According to KUSC’s Twitter feed, Lorin Levee, Principal Clarinet of the Los Angeles Philharmonic, has passed away. He was 61 years old. The information was retweeted by the LA Phil, so I’m guessing that the sad news is accurate. Thoughts, prayers, and condolences to his family, friends, and colleagues.
No additional details, andthe orchestra has not yet issued an official media release. As soon as they do, I’ll pass them along.
Mr. Levee joined the orchestra in 1976 as bass clarinetist. He was promoted to principal in 1981 by Carlo Maria Giulini.
He has been prominently featured on many of the orchestras recordings, including the Rachmaninoff 2nd Symphony conducted by Simon Rattle and Gershwin’s Rhapsody in Blue conducted by Michael Tilson Thomas. More recently, he could be seen on video in Gustavo Dudamel’s 2009 inaugural concert as Music Director, most especially during that concert’s performance of the Mahler 1st Symphony.
UPDATE (12:58PM PST): This from the LA Phil’s Facebook page . . .
It is with great sadness that we pass on the news that our Principal Clarinet, Lorin Levee passed away yesterday. He fought a long and courageous battle with a fatal blood disorder; a battle so valiant that he played his final concert with us only on January 8. Lorin joined the orchestra in 1976 as our bass clarinetist and in 1981 won the position as Principal. He was a great clarinetist, a dedicated member of our New Music group, and had appeared with the orchestra as a soloist on numerous occasions. This is a real loss for us all.
UPDATE (4:04PM PST): details from the Los Angeles Times of music to be played tonight in his honor:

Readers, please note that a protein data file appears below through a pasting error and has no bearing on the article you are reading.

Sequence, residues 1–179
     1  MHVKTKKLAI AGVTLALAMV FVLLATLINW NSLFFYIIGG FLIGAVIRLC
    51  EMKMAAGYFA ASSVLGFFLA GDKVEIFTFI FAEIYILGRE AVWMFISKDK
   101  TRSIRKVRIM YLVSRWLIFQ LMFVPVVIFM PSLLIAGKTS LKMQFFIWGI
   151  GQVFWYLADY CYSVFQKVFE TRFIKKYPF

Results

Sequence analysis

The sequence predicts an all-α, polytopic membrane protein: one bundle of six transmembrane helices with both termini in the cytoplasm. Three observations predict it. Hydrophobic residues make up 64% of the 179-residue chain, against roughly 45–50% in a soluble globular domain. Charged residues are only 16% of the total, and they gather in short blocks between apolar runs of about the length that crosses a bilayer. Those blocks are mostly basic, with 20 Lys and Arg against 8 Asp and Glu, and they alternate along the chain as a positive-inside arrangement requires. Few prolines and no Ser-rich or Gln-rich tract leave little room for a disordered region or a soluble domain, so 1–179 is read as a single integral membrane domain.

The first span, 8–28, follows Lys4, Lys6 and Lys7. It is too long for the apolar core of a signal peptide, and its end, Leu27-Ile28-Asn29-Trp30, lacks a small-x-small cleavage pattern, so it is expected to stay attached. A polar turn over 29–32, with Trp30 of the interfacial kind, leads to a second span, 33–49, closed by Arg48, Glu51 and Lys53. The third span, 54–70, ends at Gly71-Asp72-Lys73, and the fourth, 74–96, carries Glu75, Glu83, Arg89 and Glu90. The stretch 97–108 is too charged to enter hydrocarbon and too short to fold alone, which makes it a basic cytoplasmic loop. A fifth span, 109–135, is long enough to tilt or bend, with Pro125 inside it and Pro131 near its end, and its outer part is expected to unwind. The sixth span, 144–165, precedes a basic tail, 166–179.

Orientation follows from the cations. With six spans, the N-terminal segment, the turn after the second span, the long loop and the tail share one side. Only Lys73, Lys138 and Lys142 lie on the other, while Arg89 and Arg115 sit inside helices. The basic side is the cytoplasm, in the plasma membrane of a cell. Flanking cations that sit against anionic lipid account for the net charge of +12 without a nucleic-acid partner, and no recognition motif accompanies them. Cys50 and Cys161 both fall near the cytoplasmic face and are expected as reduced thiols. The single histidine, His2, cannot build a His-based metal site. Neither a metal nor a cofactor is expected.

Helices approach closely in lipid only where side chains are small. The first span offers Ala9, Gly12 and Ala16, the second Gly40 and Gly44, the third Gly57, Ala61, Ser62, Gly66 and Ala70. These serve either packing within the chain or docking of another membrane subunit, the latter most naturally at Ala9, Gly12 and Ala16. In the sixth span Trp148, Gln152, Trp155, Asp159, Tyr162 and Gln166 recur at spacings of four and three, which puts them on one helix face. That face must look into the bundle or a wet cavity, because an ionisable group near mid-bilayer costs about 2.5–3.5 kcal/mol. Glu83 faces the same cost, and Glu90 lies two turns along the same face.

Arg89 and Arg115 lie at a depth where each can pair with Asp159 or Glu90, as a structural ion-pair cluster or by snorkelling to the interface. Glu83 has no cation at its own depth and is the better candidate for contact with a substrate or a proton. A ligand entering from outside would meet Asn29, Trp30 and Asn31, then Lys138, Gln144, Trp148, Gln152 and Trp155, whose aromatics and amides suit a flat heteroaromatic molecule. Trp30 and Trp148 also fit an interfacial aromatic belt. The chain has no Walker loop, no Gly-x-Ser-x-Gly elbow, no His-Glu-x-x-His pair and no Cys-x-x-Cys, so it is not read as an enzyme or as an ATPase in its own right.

A concert on Thursday at Walt Disney Concert Hall will be dedicated to Levee. The orchestra has added an extra piece to the program — Ravel’s “Le Jardin Féerique” (The Enchanted Garden) — in honor of the musician. In addition, Deborah Borda, president of the L.A. Philharmonic, is scheduled to speak.
Photo courtesy of the Los Angeles Philharmonic
I had the privilege of meeting Mr. Levee when he came into the hospital where I was moonlighting as a young physician. As an ardent classical music fan, I immediately recognized who my next patient was going to be when I grabbed his chart before entering the room. Aside from dealing with his medical problem at the time, he and I didn’t waste much time before the discussion turned to classical music and the clarinet. It was a real treat. He was kind, cordial, and appreciative. But it was I who was appreciative. One of the best orchestral clarinet players I ever heard, no doubt. Soli Deo Gloria.
Thank you very much for sharing, Dr. Kraske. Soli Deo Gloria, indeed.
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